When I give my Wellness talks, they can be momentarily energising to those present in the room. I might even hazard an ‘inspiring’ but once out of the room, and back in the throes of life, it is difficult to stay focused. Wellness is something that needs to be regularly revisited, redone, re-internalised.
I recently picked up a beautiful book of soul-defining stories by author Rachel Naomi Remen called Kitchen Table Wisdom. In her book physician and counsellor Remen recounts anecdotes from her own life as well as stories told by her patients that speak of healing. As I have been reading this wonderful book, I cannot help but think these wisdoms cut to the heart of Wellness. Wellness is not a recipe to live by, it is something that is in the heart of all of us and it just needs a voice. That voice is unique to each of us, a fingerprint if you will. Time to make your mark.
I found this post on Facebook this morning and I thought how much it reflects the pressure so many parents feel, of having their children perform academically. Hours of evening homework to be ready for the following day's assessments and then the pressure is really on, to perform in those assessments. I think a lot of parents feel they are writing those assessments themselves. Take a step back parents, breathe a little. No one is going to remember your child's results in Grade 1, Grade 4 or Grade 7 for that matter. Have fun with them, teach them life skills, those valuable ones you learnt through playing outside when you were young, through the childhood games and fights, the wins and the losses, the punishment and the praise. Have a little fun. Take the emphasis off academic achievement and put it on life learning.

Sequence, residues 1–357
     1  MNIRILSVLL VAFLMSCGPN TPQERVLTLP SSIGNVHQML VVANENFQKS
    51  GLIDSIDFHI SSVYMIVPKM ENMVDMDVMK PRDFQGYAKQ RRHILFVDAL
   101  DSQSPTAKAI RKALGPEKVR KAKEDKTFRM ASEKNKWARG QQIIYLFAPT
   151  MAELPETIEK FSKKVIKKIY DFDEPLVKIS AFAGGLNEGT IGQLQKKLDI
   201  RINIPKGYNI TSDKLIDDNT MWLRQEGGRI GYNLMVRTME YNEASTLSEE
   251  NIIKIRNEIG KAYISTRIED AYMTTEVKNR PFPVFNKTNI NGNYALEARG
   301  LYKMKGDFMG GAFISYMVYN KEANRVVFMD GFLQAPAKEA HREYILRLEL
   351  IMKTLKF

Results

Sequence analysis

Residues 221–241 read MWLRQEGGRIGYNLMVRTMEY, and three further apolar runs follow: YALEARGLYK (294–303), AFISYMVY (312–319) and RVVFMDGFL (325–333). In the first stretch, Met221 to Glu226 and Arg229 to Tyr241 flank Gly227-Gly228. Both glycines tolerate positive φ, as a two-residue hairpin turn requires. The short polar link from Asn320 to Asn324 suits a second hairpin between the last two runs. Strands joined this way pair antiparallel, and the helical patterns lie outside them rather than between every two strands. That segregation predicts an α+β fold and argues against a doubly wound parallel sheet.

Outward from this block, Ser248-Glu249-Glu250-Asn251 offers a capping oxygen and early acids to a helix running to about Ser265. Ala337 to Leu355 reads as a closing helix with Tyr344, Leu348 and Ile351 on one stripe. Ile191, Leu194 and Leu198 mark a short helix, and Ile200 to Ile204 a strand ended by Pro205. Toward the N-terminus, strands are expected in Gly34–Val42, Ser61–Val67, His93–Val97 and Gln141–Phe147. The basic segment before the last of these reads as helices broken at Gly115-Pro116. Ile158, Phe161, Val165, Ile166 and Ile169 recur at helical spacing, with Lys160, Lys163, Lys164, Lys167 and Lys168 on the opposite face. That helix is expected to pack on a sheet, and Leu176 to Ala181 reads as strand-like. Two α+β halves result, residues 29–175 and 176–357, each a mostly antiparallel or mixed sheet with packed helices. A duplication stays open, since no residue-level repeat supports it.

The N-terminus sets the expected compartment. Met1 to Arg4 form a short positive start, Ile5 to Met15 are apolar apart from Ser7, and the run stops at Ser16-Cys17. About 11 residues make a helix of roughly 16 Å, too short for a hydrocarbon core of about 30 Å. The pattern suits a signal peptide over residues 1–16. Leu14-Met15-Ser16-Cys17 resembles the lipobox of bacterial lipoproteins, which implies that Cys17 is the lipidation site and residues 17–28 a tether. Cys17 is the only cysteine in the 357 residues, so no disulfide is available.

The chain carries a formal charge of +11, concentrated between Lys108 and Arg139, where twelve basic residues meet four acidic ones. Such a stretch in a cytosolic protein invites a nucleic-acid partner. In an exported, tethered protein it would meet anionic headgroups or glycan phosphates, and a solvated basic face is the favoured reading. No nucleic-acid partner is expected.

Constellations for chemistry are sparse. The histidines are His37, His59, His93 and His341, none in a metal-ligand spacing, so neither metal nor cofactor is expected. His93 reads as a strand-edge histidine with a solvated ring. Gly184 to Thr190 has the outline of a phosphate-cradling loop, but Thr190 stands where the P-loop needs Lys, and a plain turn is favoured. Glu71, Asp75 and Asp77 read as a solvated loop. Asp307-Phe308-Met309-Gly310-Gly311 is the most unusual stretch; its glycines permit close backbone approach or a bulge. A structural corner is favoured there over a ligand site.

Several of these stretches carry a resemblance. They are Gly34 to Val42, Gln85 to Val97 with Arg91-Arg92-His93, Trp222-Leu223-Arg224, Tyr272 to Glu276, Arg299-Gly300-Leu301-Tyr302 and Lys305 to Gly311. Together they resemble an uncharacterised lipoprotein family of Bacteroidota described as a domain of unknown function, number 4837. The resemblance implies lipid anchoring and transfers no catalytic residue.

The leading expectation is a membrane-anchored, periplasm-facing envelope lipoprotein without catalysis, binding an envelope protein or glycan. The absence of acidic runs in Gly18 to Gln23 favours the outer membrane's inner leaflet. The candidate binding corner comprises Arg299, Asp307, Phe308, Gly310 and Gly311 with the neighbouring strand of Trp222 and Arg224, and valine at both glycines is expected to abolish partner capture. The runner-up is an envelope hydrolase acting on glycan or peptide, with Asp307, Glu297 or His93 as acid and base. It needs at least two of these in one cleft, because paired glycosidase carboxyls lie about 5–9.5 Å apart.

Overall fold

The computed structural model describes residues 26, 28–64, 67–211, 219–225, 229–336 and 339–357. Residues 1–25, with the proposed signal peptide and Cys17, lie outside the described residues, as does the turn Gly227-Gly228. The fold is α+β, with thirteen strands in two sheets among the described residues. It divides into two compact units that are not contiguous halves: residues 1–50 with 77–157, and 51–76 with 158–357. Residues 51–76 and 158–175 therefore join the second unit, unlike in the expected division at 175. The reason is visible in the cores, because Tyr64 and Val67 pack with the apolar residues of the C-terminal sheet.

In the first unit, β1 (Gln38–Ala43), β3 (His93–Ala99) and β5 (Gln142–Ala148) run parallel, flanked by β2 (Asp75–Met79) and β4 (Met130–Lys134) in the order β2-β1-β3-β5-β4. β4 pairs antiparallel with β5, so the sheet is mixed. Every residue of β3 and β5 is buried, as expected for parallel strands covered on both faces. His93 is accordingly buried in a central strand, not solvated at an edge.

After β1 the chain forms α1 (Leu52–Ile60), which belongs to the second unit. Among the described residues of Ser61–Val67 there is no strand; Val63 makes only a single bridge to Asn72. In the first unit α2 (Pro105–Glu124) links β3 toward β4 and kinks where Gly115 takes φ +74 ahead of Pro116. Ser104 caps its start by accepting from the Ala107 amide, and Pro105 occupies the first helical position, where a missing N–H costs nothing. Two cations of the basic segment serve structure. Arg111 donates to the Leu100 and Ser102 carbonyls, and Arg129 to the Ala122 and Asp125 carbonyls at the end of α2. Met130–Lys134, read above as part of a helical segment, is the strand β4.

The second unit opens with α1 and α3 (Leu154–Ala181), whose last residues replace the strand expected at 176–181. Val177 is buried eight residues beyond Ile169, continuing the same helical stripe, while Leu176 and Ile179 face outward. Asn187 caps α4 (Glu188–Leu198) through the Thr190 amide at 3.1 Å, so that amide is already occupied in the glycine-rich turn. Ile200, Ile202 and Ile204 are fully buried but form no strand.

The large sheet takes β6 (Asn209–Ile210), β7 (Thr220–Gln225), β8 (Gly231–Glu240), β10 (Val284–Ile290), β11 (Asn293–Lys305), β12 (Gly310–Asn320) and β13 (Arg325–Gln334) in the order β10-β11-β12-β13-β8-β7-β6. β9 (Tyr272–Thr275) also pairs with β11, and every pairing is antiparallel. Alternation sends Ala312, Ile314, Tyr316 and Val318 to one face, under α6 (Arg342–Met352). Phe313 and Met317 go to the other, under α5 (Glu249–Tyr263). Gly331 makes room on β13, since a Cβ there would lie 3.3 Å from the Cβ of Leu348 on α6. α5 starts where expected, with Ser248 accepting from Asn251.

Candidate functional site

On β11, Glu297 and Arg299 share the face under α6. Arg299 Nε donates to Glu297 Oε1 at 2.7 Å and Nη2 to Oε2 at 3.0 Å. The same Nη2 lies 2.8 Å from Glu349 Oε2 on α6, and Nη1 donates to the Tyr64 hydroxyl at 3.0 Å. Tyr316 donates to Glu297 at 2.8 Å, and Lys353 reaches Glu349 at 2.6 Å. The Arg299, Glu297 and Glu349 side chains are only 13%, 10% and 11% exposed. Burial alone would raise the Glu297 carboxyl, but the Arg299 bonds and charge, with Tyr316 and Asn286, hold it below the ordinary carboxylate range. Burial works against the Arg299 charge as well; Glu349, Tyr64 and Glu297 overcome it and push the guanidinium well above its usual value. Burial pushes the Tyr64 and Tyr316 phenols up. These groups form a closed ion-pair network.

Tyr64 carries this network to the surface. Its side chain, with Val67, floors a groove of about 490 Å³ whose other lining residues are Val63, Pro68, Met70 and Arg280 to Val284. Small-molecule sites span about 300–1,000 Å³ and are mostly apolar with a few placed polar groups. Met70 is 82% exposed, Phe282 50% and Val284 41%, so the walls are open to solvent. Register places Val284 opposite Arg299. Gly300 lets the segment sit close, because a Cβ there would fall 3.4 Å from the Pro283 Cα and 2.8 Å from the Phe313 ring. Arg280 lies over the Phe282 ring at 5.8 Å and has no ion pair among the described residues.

Anxiety is becoming increasingly more prevalent in societies across the world. In the United States alone, it is estimated to affect 18.1 percent of adults (roughly 40 million adults between the ages of 18 to 54) (National Institute of Mental Health). Anxious parents can often, unintentionally, create anxiety in their children and it can present in a variety of ways. These may be children who tend to struggle to detach from their parents in new social environments, they may be children who struggle to sleep on their own, who avoid academics for fear of failure or who struggle to perform academically because of the interfering anxiety. These children may also be unwilling to try new things and may even socially isolate to avoid the anxiety.
Parents, to assist their children, will often be overprotective and try to shield them from anxiety-provoking situations. However, this can be counterproductive and perpetuate the anxiety cycle. Children need to know they can do it on their own and they look to adults to support them in their exploration. As a parent there are empowering messages that you can give your child that communicate to them that they are indeed capable and able individuals.
As the parent of an anxious child, begin by exploring your own anxiety. Psychcentral (http://psychcentral.com/quizzes/anxiety.htm) offers an anxiety screening quiz. Please note that this is NOT sufficient for a diagnosis but may give you some indication of which anxiety symptoms you may have. You can always explore this further with a professional. Understanding any anxiety you may have is likely to help you understand if you are possibly creating any anxiety in your child and also when this might be occurring. Once you understand this, there are many things that you can do improve your child’s situation and help them to develop into a more confident child, adolescent and adult.
Email me if you would like a list of suggestions for alleviating anxiety in your child. Also check out my Pinterest site (my Parenting board) for more information.